Another rally for the U.S. dollar sent gold prices falling again on Wednesday, building momentum for a trend that traces back to last week. Spot gold was down sharply this morning, losing $10 per ounce to $1,284/oz. Spot silver was about 0.4% lower to $16.72/oz. Both precious metals were trading at four-week lows.
Platinum lost 0.5% in early trading while palladium actually advanced 0.2%, bringing the gap between the two metals to a mere $5—which is often less than the spread between a bullion dealer's bid and ask prices for either metal!
Here are Tuesday's closing numbers for reference:
Gold: $1,293.60/oz (-$16.70, -1.27%) Silver: $16.78/oz (-38¢, -2.19%) Platinum: $922/oz (-$17, -1.81%) Palladium: $910/oz (+$4, +0.44%)
WTI crude: $52.15/bbl (-7¢, -0.13%) Dow Jones: 22,284.32 (-11.77, -0.05%) Nasdaq: 6,380.16 (+9.57, +0.15%) S&P 500: 2,496.84 (+0.18, +0.01%) DXY: 93.00 (+0.39, +0.43%)
The dollar has been inching higher since last week's meeting of the Federal Reserve. The USD was up another 0.6% on Wednesday to 93.55 on the DXY index. This was aided in part by the pound sterling and the euro losing 0.3% and 0.5%, respectively. Investors saw their confidence take a hit after confusion characterized the preliminary Brexit negotiations. At least during the upheaval period where the terms of the exit are formally negotiated, the U.K. could face sky-high import duties (i.e. tariffs) around the world as a result of leaving the EU. This also comes as France and Germany are planning an unprecedented degree of integration and cooperation that is supposed to create one giant market among Europe's two largest economies within the next decade.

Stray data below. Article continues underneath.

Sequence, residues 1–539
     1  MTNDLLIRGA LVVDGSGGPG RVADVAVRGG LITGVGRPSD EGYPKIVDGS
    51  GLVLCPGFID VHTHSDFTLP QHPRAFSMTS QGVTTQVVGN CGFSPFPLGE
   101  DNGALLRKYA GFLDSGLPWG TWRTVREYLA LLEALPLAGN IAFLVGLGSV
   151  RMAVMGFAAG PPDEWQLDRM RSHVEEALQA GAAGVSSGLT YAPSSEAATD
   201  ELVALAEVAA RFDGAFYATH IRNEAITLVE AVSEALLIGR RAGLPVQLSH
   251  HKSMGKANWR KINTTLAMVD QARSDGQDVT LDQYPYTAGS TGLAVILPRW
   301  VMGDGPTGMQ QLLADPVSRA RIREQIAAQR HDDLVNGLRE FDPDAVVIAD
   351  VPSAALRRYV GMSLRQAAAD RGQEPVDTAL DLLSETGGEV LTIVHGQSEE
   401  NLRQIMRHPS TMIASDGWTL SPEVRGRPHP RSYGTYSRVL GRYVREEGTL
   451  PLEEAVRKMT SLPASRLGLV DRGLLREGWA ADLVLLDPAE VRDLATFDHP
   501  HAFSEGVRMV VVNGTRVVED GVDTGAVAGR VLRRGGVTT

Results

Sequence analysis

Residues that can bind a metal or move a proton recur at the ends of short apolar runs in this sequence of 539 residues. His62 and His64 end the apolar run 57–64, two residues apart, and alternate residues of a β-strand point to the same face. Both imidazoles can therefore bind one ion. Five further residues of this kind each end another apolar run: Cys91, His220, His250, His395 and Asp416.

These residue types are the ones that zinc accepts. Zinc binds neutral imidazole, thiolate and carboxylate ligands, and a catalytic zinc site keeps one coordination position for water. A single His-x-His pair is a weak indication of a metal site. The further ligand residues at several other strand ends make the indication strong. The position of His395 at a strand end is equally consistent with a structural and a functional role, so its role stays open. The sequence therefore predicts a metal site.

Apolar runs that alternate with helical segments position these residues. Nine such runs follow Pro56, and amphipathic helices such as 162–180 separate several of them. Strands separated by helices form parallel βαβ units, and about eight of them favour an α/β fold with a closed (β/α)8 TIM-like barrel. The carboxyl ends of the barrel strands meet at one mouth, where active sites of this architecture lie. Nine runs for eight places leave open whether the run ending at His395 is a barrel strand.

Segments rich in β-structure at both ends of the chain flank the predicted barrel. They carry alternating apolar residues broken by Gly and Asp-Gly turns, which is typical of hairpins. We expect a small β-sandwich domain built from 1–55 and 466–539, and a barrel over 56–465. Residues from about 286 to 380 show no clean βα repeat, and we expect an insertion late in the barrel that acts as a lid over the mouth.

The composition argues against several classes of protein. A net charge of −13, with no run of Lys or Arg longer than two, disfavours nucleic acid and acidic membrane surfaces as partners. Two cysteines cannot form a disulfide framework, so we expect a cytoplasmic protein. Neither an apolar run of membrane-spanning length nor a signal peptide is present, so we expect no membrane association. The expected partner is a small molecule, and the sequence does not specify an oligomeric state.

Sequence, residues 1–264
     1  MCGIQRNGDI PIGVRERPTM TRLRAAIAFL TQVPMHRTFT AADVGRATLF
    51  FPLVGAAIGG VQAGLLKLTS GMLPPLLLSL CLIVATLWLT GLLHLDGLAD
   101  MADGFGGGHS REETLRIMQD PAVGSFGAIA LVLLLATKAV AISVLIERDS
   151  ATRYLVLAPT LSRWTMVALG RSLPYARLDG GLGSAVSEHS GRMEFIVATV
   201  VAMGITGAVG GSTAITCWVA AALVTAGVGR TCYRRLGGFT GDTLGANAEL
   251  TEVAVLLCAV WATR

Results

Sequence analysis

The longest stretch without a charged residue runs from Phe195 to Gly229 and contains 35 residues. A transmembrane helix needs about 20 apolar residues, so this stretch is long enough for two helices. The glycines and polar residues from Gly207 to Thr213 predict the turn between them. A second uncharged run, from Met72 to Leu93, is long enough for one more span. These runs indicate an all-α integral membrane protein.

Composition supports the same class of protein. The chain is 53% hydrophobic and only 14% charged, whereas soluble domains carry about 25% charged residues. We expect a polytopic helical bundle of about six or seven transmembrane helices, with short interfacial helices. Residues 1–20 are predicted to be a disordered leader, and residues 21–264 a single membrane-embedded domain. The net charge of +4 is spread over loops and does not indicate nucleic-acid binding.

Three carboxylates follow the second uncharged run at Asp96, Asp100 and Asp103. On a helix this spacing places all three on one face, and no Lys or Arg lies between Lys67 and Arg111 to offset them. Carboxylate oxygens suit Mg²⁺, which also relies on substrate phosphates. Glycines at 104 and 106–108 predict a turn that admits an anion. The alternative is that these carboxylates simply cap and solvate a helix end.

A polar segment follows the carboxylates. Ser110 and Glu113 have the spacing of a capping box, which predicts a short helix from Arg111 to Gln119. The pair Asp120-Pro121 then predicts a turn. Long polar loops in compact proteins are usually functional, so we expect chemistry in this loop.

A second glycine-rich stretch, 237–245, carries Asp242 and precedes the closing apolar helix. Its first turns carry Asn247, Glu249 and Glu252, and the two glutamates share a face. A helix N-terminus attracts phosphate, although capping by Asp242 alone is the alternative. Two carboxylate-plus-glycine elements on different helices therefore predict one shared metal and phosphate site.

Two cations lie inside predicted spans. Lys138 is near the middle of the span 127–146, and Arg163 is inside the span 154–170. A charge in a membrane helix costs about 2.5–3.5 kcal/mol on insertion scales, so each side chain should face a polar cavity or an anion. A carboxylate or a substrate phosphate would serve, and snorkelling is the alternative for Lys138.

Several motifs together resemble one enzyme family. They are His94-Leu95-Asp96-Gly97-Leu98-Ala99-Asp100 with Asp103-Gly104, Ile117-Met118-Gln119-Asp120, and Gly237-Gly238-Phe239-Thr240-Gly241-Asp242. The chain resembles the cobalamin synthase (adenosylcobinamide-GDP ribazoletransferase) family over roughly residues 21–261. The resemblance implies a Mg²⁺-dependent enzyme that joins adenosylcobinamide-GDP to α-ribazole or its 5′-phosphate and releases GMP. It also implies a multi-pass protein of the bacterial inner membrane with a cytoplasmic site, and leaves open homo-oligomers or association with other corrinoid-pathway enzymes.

Another political debate was at the center of market activity in the U.S., as well. President Trump is slowly rolling out details of the proposed tax reform legislation that Wall St has eagerly awaited since Trump took office. The bill is reportedly a coordinated effort by congressional Republicans and the Treasury Department, along with some guidelines from the White House. The headline to come out of the work on Capitol Hill thus far has been an effort to cut the top corporate tax rate from 35% to 20%. There are indications that the tax code will be simplified by reducing the number of tax brackets, as well.
One does wonder what impact a major tax cut, absent other reforms, could have on blowing out the trade deficit. Right now, Washington is relying on the assumption that the lost revenue from lowering taxes will be paid for by future economic growth. A similar gambit was memorably attempted by past administrations.
In other economic news, durable goods orders in the U.S. rose by 1.7% in August, coming in well above expectations. Stocks opened in the green, with the Nasdaq leading the way 0.75% higher. Demand for bonds has eased, pushing the 10-year T-note yield back up to 2.30%. Investors have had ambiguous reactions to Chair Janet Yellen openly second-guessing that the Fed hasn't raised rates quickly enough under her watch. Yellen's term as Fed Chair is up next year, while Vice Chair Stanley Fischer is leaving the central bank next month.
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